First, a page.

Reliving the struggles, traditions of slavery

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By Jesef Williams

Slavery frustrated and drained Kessie so much that she asked God to take her life away.

She had been dragged from her homeland of Africa, brought to America on a ship and forced into life as a slave. Through the process, she was separated from her family and doubted if she would ever see them again.

Kessie's frequent loud calls to God and emotional hymns represented the pain she had been feeling for a long time.

She and other slaves were often whipped by their masters, leaving blood running from their backs and mouths. She wondered if life could get any worse.

"The auction block, the slave ship – I remember it like it was yesterday," said Kessie, during a passionate talk with God.

"As soon as I was sold, I was put into a wagon with other slaves," she said. "I'm tired of being sold. I'm tired of not knowing what happened to my mother and brother."

Kessie's struggles came to life Saturday at the Mount Carmel AME Zion Church camp grounds.

Kitty Wilson-Evans of Lancaster has been portraying the 17th century slave Kessie for years. She's done readings and re-enactments here and works regularly as a slave interpreter at Historic Brattonsville in York County.

At Mount Carmel, Wilson-Evans and other re-enactors acted out skits depicting various aspects of life for blacks held in bondage, including prayer rituals and gift giving. The skits were part of The African American Odyssey, a month-long celebration of black history sponsored by the University of South Carolina at Lancaster.

Dorothy McNally, another Brattonsville re-enactor, gave a presentation on some of the foods slaves ate. Yams, turnip greens, corn and okra were commonplace in this region.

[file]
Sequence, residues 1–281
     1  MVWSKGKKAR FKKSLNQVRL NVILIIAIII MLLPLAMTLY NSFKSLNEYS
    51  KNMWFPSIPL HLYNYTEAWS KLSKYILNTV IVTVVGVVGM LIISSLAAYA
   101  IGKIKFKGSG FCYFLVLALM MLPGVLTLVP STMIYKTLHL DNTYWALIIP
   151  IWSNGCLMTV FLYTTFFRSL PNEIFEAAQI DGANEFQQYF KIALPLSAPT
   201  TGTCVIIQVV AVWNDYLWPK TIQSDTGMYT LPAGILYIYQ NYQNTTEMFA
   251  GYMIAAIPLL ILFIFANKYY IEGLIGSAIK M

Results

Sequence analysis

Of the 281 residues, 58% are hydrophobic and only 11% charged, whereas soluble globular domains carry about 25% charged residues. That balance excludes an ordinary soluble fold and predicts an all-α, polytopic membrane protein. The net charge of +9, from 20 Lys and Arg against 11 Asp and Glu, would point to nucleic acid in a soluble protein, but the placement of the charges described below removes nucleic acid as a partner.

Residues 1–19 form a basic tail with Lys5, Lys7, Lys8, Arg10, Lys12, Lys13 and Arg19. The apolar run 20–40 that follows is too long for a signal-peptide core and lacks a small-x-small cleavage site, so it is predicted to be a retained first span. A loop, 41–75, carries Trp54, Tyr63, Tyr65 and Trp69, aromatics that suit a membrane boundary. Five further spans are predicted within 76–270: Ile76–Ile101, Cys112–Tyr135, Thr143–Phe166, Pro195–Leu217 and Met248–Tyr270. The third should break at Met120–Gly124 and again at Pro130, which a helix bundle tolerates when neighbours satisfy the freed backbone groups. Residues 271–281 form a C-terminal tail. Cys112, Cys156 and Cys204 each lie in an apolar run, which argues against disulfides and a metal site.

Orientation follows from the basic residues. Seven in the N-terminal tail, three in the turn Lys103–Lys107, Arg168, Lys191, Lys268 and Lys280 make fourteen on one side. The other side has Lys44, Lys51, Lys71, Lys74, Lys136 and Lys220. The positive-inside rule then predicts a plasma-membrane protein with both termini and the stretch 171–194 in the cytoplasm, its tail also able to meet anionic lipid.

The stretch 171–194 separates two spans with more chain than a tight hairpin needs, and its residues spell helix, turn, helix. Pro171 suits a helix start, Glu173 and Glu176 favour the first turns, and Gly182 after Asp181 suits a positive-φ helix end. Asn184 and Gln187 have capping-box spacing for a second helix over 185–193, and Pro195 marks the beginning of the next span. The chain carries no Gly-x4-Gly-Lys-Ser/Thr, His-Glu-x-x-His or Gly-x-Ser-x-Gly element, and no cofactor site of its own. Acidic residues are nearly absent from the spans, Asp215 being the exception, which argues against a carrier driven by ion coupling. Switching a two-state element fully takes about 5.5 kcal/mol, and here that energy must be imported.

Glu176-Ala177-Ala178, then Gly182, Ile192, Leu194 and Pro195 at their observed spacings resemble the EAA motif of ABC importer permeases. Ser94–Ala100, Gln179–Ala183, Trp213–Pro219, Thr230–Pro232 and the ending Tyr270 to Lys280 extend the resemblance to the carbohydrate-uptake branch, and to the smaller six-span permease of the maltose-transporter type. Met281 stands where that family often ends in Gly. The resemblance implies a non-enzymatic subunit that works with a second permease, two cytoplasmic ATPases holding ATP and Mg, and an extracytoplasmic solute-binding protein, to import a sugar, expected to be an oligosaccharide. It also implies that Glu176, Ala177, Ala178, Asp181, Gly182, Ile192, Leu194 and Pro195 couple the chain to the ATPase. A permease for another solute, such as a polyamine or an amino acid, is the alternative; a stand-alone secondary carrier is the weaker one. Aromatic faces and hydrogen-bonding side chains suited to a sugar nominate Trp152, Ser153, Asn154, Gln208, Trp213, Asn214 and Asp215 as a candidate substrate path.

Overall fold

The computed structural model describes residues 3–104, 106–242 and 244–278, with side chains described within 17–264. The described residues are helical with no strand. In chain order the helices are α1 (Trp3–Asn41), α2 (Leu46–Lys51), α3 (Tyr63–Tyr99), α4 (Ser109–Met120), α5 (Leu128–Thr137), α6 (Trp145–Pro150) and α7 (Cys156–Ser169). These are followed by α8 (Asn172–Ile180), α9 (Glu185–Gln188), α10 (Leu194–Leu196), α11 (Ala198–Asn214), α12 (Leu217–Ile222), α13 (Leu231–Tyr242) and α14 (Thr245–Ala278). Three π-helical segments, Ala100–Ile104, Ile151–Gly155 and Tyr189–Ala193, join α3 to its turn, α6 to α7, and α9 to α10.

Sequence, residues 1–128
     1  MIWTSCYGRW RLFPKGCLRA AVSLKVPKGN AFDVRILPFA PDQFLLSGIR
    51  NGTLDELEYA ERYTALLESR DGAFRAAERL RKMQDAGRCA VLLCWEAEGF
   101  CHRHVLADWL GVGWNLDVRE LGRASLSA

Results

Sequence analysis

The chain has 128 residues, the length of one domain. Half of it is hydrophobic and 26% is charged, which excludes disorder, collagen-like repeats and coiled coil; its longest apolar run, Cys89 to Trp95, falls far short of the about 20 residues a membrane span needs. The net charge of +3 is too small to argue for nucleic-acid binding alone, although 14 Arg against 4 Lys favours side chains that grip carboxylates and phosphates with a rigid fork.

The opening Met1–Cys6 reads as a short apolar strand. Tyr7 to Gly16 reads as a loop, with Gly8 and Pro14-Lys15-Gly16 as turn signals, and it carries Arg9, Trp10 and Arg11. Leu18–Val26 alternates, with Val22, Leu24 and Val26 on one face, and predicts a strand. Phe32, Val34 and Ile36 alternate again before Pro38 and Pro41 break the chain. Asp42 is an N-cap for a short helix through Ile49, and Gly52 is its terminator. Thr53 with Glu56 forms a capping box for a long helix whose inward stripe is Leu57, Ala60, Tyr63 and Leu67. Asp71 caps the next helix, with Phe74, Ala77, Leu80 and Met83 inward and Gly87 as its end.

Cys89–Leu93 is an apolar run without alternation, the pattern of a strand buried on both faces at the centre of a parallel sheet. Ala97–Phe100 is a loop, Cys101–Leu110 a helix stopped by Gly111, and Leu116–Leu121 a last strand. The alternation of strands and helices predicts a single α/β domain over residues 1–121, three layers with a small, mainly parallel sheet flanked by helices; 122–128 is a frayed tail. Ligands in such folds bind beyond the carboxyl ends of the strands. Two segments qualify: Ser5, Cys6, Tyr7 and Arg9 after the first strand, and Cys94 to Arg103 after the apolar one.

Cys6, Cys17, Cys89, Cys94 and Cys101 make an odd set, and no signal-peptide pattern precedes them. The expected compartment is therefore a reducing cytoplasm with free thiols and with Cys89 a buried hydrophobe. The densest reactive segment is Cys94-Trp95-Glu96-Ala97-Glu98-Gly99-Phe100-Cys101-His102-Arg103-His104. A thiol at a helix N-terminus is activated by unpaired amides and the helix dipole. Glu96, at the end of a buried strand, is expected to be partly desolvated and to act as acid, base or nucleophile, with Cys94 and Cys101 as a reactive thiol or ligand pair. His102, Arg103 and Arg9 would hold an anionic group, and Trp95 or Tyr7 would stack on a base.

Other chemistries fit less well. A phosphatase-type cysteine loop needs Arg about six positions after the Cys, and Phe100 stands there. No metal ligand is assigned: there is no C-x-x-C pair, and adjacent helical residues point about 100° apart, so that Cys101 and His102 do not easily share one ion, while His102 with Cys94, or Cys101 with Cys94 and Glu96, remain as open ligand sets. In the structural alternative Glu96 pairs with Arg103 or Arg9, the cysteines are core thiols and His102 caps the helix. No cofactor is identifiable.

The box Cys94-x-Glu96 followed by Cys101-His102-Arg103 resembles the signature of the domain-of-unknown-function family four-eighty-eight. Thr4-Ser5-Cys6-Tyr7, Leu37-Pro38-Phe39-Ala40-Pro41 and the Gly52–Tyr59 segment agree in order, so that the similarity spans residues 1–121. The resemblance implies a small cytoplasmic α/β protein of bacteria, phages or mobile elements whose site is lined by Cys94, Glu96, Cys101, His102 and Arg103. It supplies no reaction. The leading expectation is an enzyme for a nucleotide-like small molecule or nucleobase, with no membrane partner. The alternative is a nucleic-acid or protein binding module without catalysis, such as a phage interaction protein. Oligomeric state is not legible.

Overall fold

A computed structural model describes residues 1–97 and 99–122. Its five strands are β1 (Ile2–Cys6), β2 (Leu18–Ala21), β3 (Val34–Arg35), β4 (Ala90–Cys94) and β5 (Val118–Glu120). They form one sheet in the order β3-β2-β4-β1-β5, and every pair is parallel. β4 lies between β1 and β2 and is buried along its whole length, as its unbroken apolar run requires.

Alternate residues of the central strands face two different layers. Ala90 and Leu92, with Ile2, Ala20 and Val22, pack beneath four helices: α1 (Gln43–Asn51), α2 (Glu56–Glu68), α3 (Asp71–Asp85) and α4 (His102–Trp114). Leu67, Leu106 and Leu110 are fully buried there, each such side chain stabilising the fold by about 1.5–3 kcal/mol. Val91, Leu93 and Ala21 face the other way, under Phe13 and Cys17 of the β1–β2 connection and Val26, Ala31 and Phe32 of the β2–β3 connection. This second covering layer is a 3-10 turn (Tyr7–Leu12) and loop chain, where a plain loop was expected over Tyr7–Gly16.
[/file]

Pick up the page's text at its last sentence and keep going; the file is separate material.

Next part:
With meats, the slave owners and their families ate the more desirable parts of the animals and gave the leftovers to the slaves, McNally said.

For example, pig intestines - known as chitterlings - were consumed mostly by black slaves and, as a result, are popular today mostly within the black culture.

Re-enactor Laura Stevens handed out cotton to the crowd and asked them to separate the seeds as slaves were required to do. She and Wilson-Evans then led an activity in which children made dolls using just rosemary, fabric and yarn.

Slaves often gave rosemary to each other as gifts. The fragrance of rosemary was regarded by slaves as strongly as many would think of perfume today.

Participants and onlookers gathered under a brush arbor that was made specifically for the re-enactments. Similar brush arbors once served as a sanctuary for slaves who'd gather under them to hold worship services.

"They would shout and praise God," said Dr. Bertha M. Roddey, an African-American studies professor a USCL who organized the day.

Even people who weren't re-enactors dressed in period clothing to help give the celebration a stronger sense of authenticity.

"I thought this would be a great opportunity to get a little hands-on experience about our culture," said USCL freshman Jazmine Belk, who was wearing a black dress that resembled those worn by slaves centuries ago.

Lancaster resident Rick Stevens did not dress the part, but said he still gained a lot from Saturday's activities.

"To see it acted out - it's alive," Stevens said. "It really touches down in your heart."

Stevens said he realized that faith was sometimes the only thing that kept slaves strong.

"They had to trust God to be in such an oppressive state," he said. "That brush arbor shows us that they always believed in a higher power, a true master."

Contact Jesef Williams at 283-1152 or jwilliams@thelancasternews.com